Although we have been visiting county fairs across all corners of Ohio this summer, on July 19th, we had a short drive from campus to the Franklin County Fair in Hilliard. Franklin County offered a diverse audience of fair goers to participate in the Ohio Soy Sustainable Summer program. Although the fairgrounds are located in the largely suburban town of Hilliard, Franklin County residence from urban Columbus, and rural areas to the south and west of the city were in attendance. We set up our display in front of a livestock show arena, and talked with people as they walked about the fairgrounds. We played our biobased jeopardy trivia game with 4H exhibitors and their parents. One youth 4H member asked, “Mom, why don’t we buy all of our stuff made out of plants?” We also had the opportunity to speak with a soybean producer from Franklin County who shared his enthusiasm for bioproducts and the potential market opportunities they provide.
The majority of people we spoke with in Franklin County were consumers, which was very different from our trip to the Crawford County Fair in Bucyrus, Ohio, the very next day. Crawford County, in the north-central area of the state, is considerably more rural than Franklin County. We drove past acres of corn and soybean fields as we traveled north to Bucyrus. We were set up outside for a few minutes before a light rain forced us into the Whetstone building, which is mostly occupied by llamas and alpacas, among other things. The Crawford County Farm Bureau typically hosts activities for area youth in the Whetstone building during the fair. This crowd of young agricultural enthusiasts quickly took interest in our Ohio Soy Sustainable Summer activities. We were pleasantly surprised to find that many of the participants were especially interested in sustainability. Nearly everyone we talked to was a crop producer, or had a family member that farms. Fair goers are always excited to learn about the different ways agricultural feedstocks can be utilized to create the products we use every day, and Crawford County was no exception.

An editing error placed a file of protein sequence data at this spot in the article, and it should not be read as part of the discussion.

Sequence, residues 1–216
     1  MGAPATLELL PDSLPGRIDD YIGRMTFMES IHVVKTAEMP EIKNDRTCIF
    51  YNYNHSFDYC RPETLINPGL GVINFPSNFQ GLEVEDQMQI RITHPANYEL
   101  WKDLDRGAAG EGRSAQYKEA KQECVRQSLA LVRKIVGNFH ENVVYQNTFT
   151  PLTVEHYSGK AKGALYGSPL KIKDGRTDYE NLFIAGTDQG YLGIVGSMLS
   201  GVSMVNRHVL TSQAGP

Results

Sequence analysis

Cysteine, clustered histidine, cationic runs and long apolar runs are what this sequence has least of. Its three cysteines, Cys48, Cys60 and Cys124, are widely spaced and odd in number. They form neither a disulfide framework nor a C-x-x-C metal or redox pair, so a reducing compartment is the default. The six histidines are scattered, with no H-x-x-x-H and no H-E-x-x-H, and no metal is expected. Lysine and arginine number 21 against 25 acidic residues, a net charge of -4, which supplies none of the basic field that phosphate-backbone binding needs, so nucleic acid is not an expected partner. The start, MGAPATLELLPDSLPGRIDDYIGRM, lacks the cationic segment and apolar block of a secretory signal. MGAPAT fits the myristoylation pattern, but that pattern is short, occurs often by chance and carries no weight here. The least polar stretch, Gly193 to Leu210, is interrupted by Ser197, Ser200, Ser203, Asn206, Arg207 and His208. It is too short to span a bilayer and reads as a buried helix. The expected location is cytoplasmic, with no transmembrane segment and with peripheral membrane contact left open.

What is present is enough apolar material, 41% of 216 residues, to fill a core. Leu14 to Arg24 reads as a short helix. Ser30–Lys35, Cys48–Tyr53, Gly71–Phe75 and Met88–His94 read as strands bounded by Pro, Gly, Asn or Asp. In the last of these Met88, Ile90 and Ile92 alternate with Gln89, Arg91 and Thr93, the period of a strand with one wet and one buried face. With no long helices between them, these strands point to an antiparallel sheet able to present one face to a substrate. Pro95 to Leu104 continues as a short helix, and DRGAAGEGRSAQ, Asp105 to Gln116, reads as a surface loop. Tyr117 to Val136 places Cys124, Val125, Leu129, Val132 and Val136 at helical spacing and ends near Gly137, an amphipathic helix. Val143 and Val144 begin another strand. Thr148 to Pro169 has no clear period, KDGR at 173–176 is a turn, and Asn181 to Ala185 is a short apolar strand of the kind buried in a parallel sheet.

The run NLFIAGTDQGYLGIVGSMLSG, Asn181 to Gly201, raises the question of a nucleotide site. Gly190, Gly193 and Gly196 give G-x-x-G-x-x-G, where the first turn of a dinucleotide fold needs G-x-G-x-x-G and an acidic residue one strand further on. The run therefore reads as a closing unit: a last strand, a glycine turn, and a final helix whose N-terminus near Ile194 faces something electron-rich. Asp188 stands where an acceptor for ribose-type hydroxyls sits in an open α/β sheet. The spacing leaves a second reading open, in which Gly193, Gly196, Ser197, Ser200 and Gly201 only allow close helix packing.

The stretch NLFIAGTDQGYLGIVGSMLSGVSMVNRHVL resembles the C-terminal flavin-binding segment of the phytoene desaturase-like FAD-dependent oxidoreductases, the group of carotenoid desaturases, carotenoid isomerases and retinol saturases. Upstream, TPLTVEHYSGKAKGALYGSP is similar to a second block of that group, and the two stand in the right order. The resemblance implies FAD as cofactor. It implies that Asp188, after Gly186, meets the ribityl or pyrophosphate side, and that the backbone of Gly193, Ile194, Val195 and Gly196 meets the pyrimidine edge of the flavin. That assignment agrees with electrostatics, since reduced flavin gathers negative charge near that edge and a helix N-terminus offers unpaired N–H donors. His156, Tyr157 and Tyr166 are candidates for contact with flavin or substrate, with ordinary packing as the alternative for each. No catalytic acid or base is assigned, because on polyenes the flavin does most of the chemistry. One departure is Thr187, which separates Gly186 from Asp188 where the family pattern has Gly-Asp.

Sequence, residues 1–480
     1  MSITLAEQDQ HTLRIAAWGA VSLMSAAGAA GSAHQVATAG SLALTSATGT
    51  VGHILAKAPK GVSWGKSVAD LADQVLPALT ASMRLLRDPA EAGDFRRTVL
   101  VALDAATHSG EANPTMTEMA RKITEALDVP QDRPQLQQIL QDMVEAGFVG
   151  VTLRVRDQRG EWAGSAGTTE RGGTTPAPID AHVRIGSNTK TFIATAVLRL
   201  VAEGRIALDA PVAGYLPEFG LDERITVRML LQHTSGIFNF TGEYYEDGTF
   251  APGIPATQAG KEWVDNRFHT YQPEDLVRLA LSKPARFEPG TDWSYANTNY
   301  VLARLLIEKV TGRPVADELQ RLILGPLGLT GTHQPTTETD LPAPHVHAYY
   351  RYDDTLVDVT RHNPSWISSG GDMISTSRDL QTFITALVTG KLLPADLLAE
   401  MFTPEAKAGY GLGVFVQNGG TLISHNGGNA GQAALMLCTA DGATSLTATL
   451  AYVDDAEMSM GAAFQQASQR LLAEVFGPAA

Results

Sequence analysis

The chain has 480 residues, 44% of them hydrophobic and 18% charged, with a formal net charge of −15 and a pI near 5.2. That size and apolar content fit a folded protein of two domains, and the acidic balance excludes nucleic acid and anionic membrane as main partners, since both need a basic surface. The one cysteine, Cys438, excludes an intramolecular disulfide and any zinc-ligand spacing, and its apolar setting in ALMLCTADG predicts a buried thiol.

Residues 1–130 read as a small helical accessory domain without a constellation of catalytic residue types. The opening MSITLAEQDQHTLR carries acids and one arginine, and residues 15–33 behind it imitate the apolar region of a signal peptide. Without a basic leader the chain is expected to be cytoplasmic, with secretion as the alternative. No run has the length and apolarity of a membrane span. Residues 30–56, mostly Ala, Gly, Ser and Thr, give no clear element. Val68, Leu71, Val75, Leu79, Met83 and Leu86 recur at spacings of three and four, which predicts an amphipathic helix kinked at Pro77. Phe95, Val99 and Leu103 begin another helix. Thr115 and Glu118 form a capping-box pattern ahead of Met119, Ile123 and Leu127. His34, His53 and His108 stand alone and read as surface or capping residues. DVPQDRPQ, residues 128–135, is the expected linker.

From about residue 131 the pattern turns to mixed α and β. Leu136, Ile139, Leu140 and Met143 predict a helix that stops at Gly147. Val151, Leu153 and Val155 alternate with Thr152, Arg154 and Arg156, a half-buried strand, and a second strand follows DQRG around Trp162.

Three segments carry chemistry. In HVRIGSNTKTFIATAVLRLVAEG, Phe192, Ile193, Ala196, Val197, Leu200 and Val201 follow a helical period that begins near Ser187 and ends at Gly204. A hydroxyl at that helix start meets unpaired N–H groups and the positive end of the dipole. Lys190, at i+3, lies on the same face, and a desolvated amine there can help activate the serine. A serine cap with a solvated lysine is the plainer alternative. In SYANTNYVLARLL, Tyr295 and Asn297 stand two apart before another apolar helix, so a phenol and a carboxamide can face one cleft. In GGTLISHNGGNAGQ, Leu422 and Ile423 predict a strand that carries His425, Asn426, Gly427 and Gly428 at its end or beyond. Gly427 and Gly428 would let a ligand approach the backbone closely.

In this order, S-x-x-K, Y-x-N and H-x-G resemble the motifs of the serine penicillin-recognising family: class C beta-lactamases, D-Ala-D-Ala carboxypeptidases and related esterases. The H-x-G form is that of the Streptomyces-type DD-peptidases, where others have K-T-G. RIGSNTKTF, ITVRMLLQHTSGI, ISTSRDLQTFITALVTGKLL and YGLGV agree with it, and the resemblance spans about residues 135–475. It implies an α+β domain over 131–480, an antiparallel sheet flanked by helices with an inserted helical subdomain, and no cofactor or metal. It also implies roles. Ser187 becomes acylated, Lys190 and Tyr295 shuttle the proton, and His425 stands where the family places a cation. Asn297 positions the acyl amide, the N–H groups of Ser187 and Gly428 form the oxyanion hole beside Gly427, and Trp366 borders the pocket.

This article was written by Bradley Collins, OBIC Student Assistant and Senior at The Ohio State University.